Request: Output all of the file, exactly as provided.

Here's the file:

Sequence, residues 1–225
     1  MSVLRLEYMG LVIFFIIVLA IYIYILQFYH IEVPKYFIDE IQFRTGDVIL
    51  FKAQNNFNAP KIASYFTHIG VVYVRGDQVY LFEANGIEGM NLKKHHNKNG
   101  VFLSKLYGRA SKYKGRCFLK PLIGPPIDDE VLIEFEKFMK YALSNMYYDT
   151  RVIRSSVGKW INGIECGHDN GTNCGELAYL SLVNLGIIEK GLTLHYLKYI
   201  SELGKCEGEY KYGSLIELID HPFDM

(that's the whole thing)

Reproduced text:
Sequence, residues 1–225
     1  MSVLRLEYMG LVIFFIIVLA IYIYILQFYH IEVPKYFIDE IQFRTGDVIL
    51  FKAQNNFNAP KIASYFTHIG VVYVRGDQVY LFEANGIEGM NLKKHHNKNG
   101  VFLSKLYGRA SKYKGRCFLK PLIGPPIDDE VLIEFEKFMK YALSNMYYDT
   151  RVIRSSVGKW INGIECGHDN GTNCGELAYL SLVNLGIIEK GLTLHYLKYI
   201  SELGKCEGEY KYGSLIELID HPFDM